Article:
March 17, 2010 in Food

Rice Riches

In many areas of Asia, it is considered a sacred food source
Kirsten Harrington Correspondent
 
Photos Courtesy of Eighth Wonder photo

In the Philippines, Ifugao Co-op member Imbangad Nahuyamen harvests Tinawon rice one stalk at a time. Photos Courtesy of Eighth Wonder
(Full-size photo)(All photos)

Heirloom rice talk

On Friday from 11 a.m. to 6 p.m. Eighth Wonder Heirloom Rice founder Mary Hensley will share stories and images from the Cordillera rice terraces in the Philippines. The event is free at the Main Market Co-op, 44 W. Main St. (509) 458-2667.

Rice cooking tips

•Start with fresh rice. Old rice loses moisture and becomes hard.

•Before cooking, wash the rice in cold water 2-3 times or until the water runs clear.

•To prevent the rice from clumping and to brighten the color, add 2-3 drops of lemon juice to the water before cooking.

•For extra flavor, add saffron, cinnamon sticks, cloves or cardamom during cooking.

•To determine how much water to add to the rice, gently touch the top of the rice with your index finger. Add water until it reaches the first joint of your finger, or a little higher for harder textured rice.

•For fluffier rice, let the rice rest for a few minutes before serving.

•Cook leftover rice with small pieces of meat, vegetables or pineapple to make fried rice.

Sticky rice

 Also known as glutinous or sweet rice, this type of rice is best prepared in a bamboo rice steaming basket. Wash the rice, and then soak it in clean water overnight (or at least 4 hours). Drain the rice and place it in the steaming basket. Place the basket over a pot of boiling water and steam for about 30 minutes, or until the rice sticks together to form a ball.

 Steaming baskets can be purchased at local Asian markets, including the Oriental Market, 3919 E. Trent Ave., and Bay Market (Best Asian Market), 1801 E. Sprague Ave.

 In Northern Thailand and Laos, people eat sticky rice with savory dishes by rolling the rice into a small ball and dipping it into curry, chili paste or whatever is on the table.

 In other parts of Southeast Asia, sticky rice is mainly used in desserts, or mixed with black and purple rice for special occasion dishes.

‘Have you eaten rice yet?” This common greeting in Thailand gives evidence of the important role rice plays in daily life. “Normally we eat rice three times a day,” says Somkhit Buerger, who teaches Thai cooking in Spokane. “My mom taught me, when you eat rice, be careful and don’t spill. Rice comes with hard work.”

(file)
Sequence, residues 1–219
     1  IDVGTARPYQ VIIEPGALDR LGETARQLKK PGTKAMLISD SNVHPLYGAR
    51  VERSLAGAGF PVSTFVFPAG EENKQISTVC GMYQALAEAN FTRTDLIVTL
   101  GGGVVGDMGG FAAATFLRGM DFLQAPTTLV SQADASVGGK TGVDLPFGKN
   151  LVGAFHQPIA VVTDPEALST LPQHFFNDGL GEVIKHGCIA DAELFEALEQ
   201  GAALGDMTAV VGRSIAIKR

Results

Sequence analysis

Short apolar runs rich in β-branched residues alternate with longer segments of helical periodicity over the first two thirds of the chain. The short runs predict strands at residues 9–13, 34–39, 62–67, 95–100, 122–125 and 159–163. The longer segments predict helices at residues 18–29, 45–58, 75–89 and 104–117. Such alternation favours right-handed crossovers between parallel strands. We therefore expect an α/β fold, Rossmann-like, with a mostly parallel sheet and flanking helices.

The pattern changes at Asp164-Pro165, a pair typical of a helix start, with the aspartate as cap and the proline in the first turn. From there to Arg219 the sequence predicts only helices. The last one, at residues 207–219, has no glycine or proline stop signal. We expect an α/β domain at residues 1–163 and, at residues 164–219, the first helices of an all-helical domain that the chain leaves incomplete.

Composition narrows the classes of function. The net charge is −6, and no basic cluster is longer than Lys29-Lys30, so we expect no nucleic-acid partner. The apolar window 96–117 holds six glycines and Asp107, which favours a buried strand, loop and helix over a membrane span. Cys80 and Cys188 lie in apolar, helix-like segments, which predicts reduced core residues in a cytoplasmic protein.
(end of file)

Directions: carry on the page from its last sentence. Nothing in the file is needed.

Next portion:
Buerger remembers visiting the rice fields in the Phetehabun province of central Thailand as a little girl. “I would go with my grandmother and we would bring an offering and leave it in the corner of the field. We prayed for the rice because we appreciate that it feeds us.”

Rice rituals

For many cultures throughout Asia, rice holds deep religious meaning. Farmers have been cultivating rice along fertile river valleys in South Asia and China for thousands of years. As the main food source and necessary for survival, rice was considered sacred and rituals developed around planting and harvesting rice.

Some of these rituals are still being practiced today. In the high rice terraces of the Philippines, red flowers are placed on each terrace to keep the evil spirits away. Various ceremonies are performed by native priests throughout the growing season. A human-shaped carved figurine known as a bulul, or ‘rice god’ is used in rituals of thanksgiving and protection and placed in rice granaries to guard the grain against worldly and spiritual threats.

Mountain rice terraces

The Cordillera Mountain range in the Philippines is home to six indigenous tribes whose lives traditionally revolved primarily around the cultivation of rice. The 300 varieties of rice native to this area are grown in spectacular, hand-carved stone and earth integrated terraces that are self-irrigated from the mountain rains.

In 1995, UNESCO designated five of these 3,000-year-old terraces as World Heritage Sites. “Rice for these people is the center of their culture,” says Mary Hensley, owner of Eighth Wonder, a Montana based Fair Trade importer of select varieties of rice from the Cordilleras.

“As fewer and fewer people farm the terraces and the younger generation leaves the mountain in search of economic opportunity elsewhere, the connections to their culture have rapidly deteriorated,” Hensley notes. “Supporting the farmers to continue to farm their terraces and planting their native rice is one small way of helping the people to keep some parts of their culture alive for future generations.”

Importing heirloom rice

“We’re all in it together, learning how to do it,” says Hensley, who founded her company in 2006. She had visited the Cordillera Mountains in the 1970s as a Peace Corps volunteer and recalls “one of my favorite memories was the wonderful varieties of rice. It was nourishing … it smelled so good you couldn’t wait to eat it.”